THE ENCYCLOPÆDIA BRITANNICA

A DICTIONARY OF ARTS, SCIENCES, LITERATURE AND GENERAL INFORMATION

ELEVENTH EDITION 1911

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KIND (O.E. ge-cynde, from the same root as is seen in “kin,” supra), a word in origin meaning birth, nature, or as an adjective, natural. From the application of the term to the natural disposition or characteristic which marks the class to which an object belongs, the general and most common meaning of “class,” genus or species easily develops; that of race, natural order or group, is particularly seen in such expressions as “mankind.” The phrase “payment in kind,” i.e. in goods or produce as distinguished from money, is used as equivalent to the Latin in specie; in ecclesiastical usage “communion in both kinds” or “in one kind” refers to the elements of bread and wine (Lat. species) in the Eucharist. The present main sense of the adjective “kind,” i.e. gentle, friendly, benevolent, has developed from the meaning “born,” “natural,” through “of good birth, disposition or nature,” “naturally well-disposed.”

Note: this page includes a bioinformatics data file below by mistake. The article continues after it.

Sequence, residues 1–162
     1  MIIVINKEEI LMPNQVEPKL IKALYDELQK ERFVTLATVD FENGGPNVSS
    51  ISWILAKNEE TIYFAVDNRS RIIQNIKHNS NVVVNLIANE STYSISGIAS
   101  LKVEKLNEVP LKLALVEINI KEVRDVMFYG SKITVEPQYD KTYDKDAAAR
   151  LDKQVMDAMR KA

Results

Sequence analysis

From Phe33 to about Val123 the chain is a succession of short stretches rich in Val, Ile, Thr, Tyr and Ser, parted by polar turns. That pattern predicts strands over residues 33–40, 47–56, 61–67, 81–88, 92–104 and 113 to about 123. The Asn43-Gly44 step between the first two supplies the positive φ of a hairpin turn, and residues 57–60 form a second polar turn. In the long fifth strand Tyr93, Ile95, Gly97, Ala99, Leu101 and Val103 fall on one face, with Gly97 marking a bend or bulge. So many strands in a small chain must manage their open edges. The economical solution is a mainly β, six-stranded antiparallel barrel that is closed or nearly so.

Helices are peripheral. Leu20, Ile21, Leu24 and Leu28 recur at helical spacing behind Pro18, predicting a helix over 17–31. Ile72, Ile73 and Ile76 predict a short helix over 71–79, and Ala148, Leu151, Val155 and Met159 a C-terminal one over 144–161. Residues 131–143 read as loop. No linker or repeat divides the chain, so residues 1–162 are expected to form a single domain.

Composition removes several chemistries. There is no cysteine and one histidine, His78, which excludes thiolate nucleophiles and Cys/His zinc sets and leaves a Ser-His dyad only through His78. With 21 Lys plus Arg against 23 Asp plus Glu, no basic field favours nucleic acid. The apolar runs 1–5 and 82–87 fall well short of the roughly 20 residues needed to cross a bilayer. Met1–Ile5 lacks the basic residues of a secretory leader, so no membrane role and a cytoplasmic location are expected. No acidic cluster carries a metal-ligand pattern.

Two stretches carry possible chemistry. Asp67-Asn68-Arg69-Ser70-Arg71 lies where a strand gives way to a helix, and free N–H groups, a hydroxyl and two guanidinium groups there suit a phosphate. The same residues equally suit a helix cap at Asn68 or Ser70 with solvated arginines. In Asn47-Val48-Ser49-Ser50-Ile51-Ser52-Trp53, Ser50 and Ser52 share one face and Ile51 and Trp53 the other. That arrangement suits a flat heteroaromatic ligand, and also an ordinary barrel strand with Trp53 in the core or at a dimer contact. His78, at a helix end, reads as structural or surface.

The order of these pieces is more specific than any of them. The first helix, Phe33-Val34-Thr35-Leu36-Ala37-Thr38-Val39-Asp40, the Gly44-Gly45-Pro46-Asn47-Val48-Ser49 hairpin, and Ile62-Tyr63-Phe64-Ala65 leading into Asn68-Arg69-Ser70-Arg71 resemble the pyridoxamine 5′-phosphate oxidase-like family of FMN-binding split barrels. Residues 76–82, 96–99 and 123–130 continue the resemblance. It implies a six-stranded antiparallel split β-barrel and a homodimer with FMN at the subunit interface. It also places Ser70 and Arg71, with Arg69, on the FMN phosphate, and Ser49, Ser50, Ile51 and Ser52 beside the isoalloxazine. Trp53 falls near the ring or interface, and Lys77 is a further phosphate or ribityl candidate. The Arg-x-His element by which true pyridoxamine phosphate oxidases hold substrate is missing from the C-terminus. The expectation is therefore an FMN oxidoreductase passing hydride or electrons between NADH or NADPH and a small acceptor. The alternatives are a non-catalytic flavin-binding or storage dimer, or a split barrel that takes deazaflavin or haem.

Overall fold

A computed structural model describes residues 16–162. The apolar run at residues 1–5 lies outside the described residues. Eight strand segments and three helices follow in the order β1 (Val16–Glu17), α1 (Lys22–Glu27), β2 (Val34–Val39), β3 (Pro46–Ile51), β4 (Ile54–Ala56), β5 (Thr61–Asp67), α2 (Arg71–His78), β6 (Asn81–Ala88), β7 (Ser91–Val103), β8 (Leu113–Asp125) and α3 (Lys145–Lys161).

Transcriber's note: A few typographical errors have been corrected. They appear in the text like this, and the explanation will appear when the mouse pointer is moved over the marked passage. Sections in Greek will yield a transliteration when the pointer is moved over them, and words using diacritic characters in the Latin Extended Additional block, which may not display in some fonts or browsers, will display an unaccented version.

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